Typically, at the beginning of a coding/maintenance task, I usually start with a carefully worded grep, such as

M-x grep
git --no-pager grep -n -e 'collect' -- ':!*spec*' ':!*.yml'<enter>

and suppose I got 200 grep results. Usually a task requires changing only 1 or 2 files, but figuring out which files that needs the edit is the hard part in the beginning. so I would essentially "eliminate suspects" from the grep results, until I come up with a "manageable" list of files I can focus on/dig in to.

How can I effectively work with the grep results in emacs, do we have the ability to "eliminate" lines interactively ?

  • One idea would be to create a custom deletion function that uses separator lines (e.g., when using context lines) between matches, and then use those separate lines to help Emacs programmatically identify the beginning/ending of each matched section -- deleting an entire section with the buffer being writeable for the duration of the deletion function. If there are no separator lines, then just deleting the line as NickD suggested in the answer below is the easiest.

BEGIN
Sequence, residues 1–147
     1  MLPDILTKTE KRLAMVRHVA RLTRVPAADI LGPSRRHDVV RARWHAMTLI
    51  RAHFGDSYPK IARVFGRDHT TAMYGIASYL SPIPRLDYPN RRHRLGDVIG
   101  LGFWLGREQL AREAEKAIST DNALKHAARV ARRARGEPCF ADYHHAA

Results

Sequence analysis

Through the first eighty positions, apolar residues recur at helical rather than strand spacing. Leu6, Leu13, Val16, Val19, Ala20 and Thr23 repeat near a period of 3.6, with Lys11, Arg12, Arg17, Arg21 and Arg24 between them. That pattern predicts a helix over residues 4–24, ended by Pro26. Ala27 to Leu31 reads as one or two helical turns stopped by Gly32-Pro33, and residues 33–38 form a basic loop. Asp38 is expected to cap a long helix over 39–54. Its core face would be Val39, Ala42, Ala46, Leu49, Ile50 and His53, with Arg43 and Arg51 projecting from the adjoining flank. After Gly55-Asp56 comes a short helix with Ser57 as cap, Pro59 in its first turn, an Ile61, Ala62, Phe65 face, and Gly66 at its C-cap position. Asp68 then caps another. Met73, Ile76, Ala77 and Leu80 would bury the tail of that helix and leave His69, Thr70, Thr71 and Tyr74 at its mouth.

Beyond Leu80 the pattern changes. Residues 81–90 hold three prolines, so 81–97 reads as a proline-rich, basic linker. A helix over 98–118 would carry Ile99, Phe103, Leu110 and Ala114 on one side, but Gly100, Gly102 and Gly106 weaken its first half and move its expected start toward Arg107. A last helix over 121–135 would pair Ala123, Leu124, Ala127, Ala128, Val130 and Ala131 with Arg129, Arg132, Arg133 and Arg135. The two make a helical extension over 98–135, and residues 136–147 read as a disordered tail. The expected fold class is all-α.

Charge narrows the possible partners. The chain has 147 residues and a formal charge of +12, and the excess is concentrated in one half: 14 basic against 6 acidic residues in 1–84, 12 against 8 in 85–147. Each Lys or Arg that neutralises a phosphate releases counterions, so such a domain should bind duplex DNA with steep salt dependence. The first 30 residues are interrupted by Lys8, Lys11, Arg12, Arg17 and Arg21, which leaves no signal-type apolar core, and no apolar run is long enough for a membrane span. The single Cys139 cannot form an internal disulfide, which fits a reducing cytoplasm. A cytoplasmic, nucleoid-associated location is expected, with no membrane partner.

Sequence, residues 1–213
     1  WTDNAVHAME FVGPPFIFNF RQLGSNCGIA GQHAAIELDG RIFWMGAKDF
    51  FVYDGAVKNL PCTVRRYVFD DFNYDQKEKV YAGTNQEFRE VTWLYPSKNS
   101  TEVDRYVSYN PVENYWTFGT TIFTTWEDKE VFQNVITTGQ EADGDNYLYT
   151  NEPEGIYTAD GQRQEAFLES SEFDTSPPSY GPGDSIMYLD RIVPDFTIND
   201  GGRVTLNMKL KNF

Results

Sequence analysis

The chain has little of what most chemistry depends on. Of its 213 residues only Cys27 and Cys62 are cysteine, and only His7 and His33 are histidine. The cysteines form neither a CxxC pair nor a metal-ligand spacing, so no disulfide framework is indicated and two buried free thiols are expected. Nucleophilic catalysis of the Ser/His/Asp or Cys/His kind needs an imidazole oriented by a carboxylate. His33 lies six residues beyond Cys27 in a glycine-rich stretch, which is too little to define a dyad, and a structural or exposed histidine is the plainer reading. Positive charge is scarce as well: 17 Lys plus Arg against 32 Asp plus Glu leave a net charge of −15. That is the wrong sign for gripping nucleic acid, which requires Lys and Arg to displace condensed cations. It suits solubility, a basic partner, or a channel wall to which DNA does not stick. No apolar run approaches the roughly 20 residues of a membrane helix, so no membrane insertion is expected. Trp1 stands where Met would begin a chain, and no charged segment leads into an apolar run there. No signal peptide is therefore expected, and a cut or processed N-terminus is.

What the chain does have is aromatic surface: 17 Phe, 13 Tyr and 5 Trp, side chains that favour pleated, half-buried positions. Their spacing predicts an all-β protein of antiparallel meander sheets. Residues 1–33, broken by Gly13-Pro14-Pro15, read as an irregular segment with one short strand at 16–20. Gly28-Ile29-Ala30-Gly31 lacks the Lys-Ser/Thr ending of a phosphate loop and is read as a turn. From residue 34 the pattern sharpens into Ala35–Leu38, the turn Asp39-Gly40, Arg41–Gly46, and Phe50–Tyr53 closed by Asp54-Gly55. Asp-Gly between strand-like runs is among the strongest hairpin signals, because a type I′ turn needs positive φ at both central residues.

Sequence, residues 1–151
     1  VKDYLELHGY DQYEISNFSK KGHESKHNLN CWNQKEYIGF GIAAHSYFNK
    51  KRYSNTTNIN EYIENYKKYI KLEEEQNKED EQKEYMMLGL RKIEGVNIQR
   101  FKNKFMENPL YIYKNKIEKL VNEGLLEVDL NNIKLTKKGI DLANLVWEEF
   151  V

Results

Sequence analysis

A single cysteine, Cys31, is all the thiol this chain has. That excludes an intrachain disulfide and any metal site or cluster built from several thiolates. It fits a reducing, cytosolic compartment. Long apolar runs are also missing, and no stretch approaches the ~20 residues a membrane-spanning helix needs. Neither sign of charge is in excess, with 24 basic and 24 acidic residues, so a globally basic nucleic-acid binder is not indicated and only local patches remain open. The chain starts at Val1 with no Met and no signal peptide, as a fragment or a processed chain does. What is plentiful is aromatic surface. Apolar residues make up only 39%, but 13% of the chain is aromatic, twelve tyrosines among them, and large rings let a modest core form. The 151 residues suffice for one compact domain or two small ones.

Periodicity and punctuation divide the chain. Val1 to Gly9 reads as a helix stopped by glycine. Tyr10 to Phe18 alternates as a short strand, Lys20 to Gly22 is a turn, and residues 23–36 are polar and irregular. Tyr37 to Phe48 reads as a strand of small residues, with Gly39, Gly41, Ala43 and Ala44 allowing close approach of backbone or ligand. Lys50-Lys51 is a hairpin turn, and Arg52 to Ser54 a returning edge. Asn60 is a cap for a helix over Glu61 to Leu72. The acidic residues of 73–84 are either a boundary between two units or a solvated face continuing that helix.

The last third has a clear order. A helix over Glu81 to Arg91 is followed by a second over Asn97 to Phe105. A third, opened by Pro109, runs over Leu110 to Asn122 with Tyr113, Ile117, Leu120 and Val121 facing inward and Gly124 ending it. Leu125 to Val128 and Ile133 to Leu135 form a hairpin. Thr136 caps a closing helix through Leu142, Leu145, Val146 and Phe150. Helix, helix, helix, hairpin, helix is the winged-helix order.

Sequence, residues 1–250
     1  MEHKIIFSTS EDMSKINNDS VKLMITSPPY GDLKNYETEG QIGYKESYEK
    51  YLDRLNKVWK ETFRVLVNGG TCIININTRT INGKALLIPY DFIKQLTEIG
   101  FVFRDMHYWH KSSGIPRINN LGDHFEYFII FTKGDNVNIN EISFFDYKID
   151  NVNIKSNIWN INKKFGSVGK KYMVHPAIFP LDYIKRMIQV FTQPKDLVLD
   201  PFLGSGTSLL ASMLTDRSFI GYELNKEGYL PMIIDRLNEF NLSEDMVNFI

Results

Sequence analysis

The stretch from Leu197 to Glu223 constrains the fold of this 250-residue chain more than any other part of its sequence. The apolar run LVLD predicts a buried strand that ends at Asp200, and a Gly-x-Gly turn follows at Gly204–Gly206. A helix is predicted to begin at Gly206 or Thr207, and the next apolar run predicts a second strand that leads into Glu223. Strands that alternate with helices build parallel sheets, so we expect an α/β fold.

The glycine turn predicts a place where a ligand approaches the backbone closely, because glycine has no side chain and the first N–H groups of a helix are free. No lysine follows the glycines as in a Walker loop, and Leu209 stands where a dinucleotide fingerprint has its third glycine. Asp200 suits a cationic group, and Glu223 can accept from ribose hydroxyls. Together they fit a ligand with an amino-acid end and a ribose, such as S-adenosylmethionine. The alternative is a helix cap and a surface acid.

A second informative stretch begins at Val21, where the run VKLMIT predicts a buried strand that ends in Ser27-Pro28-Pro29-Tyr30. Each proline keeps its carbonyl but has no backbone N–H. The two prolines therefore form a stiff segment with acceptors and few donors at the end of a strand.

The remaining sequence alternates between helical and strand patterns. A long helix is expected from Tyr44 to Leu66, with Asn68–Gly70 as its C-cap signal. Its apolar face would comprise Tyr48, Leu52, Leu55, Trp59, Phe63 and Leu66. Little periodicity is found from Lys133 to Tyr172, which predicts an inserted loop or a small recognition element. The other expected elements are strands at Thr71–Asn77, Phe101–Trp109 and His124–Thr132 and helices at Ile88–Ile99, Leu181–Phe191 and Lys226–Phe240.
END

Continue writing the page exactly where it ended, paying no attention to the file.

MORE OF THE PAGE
– lawlist
    Commented Jul 27, 2020 at 1:56

3 Answers 3


You can always make the *grep* buffer writable with C-x C-q and delete lines the normal way (e.g. with C-a C-k C-k). When you are done, press C-x C-q again to make it read-only if you wish and use TAB and ENTER to navigate and visit files in the list.


Just to add to what @NickD said, which is what I too recommend:

After making buffer *grep* writable, use commands flush-lines and keep-lines to quickly remove lines you're uninterested in.

  • M-x flush-lines - Remove all lines after point that match a regexp you provide.

  • M-x keep-lines - Remove all lines after point that do not match a regexp you provide.

This can save a lot of time visually checking lines and removing them by hand.

You can obviously use these commands multiple times, with simple regexps, to get the effect of filtering out multiple things. That's typically much easier and quicker than trying to come up with complex regexps that filter multiple things at the same time.

Note that the same thing applies to other listings of search hits and other things, in particular the output of M-x occur.


I can recommend double-saber mode - https://github.com/dp12/double-saber for further filtering of grep results.

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